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Southern comfort Area musicians take the stage at Austin festival

AUSTIN, Texas -- In the middle of the madness at the 20th annual South by Southwest Music Festival, the only thing that feels strange about the ambush of artists and assorted industry folk is that it doesn't feel strange.

The swarm around Sixth Street may be swelled, but it's nothing unseen on this scene. An anxious line around the corner of a club. A man wearing eyeliner carrying a kick drum. A trio of slacker-fabulous women who spent way too much time trying to look like they didn't. Cops on foot, bikes and horses perched along blocked-off blocks. Perhaps what most separates this wild week from any other in Austin, aside from sheer size, are the stars in the eyes and agendas on the sleeves of this globe-spanning gang of debauchers.

Perusing the pack for artists from Buffalo yields a roster with a range of reasons for being here as diverse as their styles. Some have already played their showcase and booked town, others have booked gigs outside of the festival to make the most of the masses here, and another is here to stay.

The opening bell rang Wednesday night with the first of 1,400 showcases, including Atlanta-based heat-seeker Sean Costello and his newly cemented rhythm section of Buffalo's Aaron Trubic (bass) and Ray Hangen (drums). While Hangen has been with Costello for more than a year, Costello suddenly lost his bassist and keyboardist a few weeks before heading to Austin to find a taker for his freshly recorded new album. Hangen called on Trubic to reunite a duo that has backed countless local artists from Mr. Conrad and LeeRon Zydeco to Alison Pipitone.

Hangen and Trubic provide the fluid, flexible groove for Costello's masterful move from blues slinger to authentic soul man. Beyond his deep-chested crooning, Costello is as expressive a player as anyone who has ever picked up a guitar. Trubic had the look of a kid on Christmas morning during their knockout showcase.

"It's so easy with these two," he said afterward. "This is the gig I've always wanted."

A short jog down the street and through the mayhem, Hamburg native Peter Case was splashing abstract Americana over a dense rhythm section, one of four performances here for the Los Angeles-based troubadour. He arrived with much local fanfare despite not really having anything to push.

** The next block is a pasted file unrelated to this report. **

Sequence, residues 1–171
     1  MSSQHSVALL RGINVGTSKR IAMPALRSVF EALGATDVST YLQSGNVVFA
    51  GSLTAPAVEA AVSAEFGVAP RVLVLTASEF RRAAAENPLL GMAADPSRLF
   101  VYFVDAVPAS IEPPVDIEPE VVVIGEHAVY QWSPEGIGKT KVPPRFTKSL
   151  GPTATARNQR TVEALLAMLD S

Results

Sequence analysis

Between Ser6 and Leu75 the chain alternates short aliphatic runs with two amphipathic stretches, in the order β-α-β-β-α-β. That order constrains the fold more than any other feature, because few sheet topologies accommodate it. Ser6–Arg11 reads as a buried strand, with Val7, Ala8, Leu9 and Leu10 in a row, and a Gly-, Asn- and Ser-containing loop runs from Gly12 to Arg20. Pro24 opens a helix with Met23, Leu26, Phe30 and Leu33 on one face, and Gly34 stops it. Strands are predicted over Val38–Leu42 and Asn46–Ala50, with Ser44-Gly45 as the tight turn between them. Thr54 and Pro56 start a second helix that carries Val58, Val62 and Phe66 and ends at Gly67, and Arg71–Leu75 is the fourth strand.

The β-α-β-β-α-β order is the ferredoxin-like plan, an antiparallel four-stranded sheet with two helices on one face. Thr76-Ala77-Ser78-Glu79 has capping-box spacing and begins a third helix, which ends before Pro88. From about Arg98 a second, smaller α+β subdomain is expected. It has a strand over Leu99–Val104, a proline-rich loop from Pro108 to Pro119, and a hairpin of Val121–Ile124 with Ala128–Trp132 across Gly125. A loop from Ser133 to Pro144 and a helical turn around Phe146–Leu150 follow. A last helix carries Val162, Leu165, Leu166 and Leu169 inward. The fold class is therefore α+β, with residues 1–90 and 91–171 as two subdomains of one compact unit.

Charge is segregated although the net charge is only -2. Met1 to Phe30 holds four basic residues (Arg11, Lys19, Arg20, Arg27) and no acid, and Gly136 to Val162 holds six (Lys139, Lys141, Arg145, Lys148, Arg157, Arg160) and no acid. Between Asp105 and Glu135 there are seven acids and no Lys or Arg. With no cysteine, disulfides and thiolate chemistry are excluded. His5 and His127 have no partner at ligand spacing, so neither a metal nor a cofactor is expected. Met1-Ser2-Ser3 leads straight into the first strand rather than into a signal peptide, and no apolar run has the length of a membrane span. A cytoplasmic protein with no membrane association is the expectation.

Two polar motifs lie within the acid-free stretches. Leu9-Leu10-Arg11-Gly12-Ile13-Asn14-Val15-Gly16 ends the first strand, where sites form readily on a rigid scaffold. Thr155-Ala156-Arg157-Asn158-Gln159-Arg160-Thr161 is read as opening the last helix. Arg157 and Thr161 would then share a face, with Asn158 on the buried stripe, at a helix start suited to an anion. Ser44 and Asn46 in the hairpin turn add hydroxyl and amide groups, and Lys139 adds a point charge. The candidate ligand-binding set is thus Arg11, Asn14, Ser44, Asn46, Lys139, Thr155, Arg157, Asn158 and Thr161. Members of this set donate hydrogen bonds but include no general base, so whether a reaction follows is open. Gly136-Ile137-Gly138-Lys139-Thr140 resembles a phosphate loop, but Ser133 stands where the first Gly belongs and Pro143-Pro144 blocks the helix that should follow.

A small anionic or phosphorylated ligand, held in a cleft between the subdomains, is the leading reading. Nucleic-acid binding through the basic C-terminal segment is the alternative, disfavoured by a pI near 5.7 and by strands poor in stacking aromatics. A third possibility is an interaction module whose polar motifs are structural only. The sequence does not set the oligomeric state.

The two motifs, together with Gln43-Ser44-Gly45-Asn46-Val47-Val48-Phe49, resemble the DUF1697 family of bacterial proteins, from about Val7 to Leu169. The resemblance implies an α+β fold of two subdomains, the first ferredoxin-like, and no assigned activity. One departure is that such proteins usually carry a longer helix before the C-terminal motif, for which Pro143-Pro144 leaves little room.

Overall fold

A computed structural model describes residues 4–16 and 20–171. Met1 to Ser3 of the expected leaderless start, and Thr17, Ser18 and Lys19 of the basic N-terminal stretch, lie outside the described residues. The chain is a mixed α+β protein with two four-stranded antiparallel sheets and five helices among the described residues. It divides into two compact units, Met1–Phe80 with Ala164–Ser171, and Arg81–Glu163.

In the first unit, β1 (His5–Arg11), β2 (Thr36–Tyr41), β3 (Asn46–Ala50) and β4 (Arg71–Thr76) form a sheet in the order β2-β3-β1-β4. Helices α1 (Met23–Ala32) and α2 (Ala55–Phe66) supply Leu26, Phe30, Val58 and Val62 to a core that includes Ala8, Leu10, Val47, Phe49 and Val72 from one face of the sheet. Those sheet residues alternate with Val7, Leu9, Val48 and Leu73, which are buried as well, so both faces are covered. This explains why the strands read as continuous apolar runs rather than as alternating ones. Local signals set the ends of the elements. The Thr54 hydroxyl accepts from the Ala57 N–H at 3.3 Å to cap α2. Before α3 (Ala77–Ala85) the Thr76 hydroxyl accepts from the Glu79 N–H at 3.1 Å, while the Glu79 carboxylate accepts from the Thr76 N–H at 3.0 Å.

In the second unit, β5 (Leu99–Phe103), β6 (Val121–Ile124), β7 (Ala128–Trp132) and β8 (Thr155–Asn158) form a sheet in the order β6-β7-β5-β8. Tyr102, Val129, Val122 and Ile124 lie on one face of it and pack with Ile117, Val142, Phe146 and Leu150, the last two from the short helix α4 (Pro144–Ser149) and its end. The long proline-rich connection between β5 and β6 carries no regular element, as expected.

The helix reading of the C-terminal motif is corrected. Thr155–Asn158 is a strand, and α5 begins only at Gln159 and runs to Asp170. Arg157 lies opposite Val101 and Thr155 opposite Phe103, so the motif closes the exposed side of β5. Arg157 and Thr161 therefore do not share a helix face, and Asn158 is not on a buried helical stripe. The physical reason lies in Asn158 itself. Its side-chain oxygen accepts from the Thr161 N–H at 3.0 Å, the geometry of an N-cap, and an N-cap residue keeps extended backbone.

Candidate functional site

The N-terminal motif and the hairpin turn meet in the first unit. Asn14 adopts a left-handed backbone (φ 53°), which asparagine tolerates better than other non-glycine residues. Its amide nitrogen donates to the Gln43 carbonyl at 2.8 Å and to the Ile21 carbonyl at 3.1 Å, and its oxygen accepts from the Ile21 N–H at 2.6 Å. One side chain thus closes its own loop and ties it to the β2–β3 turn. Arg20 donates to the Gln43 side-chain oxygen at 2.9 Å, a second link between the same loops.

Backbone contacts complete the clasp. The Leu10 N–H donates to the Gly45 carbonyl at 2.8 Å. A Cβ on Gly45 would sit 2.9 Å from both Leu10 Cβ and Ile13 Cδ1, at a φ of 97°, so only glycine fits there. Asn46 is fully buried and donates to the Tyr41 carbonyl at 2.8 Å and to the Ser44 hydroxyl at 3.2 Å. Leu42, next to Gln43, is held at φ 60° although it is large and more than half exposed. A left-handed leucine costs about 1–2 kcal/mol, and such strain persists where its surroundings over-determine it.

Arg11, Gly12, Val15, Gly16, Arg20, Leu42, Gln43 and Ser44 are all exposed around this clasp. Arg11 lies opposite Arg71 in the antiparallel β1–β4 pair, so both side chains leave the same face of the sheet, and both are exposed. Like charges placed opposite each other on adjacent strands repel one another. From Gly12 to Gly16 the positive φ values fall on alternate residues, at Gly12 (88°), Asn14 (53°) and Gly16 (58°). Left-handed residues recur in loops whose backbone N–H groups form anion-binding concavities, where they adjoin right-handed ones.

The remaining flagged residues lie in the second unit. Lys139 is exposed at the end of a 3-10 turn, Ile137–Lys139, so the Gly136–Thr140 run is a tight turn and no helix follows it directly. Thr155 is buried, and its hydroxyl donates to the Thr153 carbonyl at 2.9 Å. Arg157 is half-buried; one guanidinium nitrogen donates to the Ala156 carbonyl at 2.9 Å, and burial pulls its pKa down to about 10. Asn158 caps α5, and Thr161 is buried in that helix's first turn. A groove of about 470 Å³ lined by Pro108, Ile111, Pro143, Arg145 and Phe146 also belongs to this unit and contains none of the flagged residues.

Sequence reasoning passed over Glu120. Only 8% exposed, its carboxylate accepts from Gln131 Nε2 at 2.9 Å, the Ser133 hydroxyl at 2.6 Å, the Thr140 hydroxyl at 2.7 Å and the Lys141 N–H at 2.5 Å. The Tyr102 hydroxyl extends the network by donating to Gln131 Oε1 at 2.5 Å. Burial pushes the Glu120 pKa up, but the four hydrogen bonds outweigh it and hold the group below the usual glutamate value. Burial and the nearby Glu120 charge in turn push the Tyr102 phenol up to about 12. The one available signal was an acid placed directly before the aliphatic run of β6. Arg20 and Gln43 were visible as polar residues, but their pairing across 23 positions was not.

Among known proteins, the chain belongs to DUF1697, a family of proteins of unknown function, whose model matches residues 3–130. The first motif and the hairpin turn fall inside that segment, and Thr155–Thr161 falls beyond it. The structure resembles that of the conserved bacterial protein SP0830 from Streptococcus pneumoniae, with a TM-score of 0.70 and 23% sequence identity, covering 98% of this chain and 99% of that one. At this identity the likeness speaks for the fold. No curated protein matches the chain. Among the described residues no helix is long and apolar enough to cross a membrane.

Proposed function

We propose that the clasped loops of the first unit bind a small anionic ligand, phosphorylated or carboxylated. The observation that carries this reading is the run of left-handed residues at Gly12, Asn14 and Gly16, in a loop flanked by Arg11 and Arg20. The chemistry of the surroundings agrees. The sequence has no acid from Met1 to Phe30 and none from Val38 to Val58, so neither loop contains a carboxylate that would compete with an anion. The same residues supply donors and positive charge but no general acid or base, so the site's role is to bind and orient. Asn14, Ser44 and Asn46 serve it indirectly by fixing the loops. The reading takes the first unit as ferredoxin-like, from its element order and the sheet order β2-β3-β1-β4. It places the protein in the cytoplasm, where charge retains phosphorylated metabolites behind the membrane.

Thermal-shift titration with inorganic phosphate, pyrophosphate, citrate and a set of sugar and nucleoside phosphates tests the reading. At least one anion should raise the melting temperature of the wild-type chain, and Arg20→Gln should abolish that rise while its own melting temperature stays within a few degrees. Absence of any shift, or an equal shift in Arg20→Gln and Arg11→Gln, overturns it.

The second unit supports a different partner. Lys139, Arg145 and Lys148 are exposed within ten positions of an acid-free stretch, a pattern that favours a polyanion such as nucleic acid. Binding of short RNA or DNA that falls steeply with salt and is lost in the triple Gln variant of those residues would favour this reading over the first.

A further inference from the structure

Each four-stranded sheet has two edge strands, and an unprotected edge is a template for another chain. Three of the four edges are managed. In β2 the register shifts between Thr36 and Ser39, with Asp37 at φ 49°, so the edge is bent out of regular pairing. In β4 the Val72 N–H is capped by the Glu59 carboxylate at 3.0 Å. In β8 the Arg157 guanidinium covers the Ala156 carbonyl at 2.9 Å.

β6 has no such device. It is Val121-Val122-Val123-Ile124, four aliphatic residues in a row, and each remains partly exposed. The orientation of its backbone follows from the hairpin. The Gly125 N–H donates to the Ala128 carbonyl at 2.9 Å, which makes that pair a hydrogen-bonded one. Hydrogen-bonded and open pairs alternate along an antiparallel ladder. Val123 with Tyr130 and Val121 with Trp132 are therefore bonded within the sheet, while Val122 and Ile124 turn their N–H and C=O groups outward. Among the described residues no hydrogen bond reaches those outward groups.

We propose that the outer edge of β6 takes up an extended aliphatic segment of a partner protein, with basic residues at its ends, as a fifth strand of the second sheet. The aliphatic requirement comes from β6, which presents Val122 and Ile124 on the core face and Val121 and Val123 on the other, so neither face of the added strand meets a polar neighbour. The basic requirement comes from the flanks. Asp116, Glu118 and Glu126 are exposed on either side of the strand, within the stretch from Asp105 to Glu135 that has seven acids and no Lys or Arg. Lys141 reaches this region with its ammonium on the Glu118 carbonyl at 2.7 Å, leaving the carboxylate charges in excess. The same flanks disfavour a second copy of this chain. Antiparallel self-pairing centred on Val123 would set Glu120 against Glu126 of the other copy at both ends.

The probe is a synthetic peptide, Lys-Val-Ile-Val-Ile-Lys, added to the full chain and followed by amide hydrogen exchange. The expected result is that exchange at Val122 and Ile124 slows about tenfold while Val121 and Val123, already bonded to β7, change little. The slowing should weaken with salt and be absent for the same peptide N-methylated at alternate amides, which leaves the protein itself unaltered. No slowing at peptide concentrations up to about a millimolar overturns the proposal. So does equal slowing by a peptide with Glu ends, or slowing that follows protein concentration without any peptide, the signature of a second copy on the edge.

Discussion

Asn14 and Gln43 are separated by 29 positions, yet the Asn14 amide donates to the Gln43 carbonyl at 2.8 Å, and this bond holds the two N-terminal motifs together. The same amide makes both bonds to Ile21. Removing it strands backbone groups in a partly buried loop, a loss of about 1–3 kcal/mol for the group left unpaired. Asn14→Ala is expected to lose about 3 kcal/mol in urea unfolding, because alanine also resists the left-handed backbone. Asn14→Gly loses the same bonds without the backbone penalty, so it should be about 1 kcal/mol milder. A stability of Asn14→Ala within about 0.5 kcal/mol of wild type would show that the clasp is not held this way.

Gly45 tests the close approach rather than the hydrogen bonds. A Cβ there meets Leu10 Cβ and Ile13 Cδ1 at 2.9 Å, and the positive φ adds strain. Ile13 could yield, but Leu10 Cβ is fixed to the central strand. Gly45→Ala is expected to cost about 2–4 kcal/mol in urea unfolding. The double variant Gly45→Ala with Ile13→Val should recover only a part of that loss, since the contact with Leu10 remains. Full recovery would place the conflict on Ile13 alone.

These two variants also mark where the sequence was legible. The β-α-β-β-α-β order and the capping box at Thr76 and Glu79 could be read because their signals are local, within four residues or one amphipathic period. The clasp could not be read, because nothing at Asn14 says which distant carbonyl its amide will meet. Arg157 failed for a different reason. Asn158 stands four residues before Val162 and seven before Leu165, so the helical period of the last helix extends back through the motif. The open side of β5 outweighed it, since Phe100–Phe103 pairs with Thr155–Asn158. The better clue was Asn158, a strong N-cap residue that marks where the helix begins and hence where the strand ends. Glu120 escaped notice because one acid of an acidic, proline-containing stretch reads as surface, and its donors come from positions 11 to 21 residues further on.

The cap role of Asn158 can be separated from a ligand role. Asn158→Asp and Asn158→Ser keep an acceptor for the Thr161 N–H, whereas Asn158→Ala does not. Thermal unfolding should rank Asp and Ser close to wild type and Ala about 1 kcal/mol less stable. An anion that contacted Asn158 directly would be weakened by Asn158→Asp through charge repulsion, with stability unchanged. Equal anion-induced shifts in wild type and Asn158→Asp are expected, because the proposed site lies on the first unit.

"I don't even have a record out," he told the packed house. "I'm just here like a pilgrim in Mecca, making my offering to the music gods."

By all accounts, Willie Nile is in town with something heavy to push, and has three other shows outside of his late-Thursday showcase to do it. Many critics and colleagues are calling his latest album, "Streets of New York," his best yet -- and let's give him a standing ovation just for the fact that he listed his hometown as Buffalo despite having lived in the Big Apple for some 30 years.

Nile is looking for the one thing that South by Southwest offers more than anything: the buzz. So many bands have broken out big on the buzz they built here (see the Bloody Hollies), the Buffalo act with perhaps the greatest chance of joining that line is cinematic rockers Odiorne, led by former Moment/Mercury Rev drummer turned frontman Jimy Chambers. The group plays three times today, including its showcase.

"What they're doing is very innovative," says Righteous Babe Director of Marketing Susan Tanner, who is here with husband and local booking institution Marty Boratin for their annual mad dash around town.

And before all is said and done, the greatest musical tie that binds Buffalo to Austin will take the spotlight. Gurf Morlix, another Hamburg native who's well-established as a leading light on Austin's sprawling scene, will be shopping his just-finished album, "Diamonds to Dust," at two shows outside of the festival, and backing tenured Texas songwriters Ray Wylie Hubbard and Sam Baker for two more. But for the ubiquitous sideman and producer that Morlix is, four gigs in a week is par for the course.

Further to the point about this week in the life of "The Live Music Capital of the World": There may be a lot more people knockin', but this town's always rockin'.

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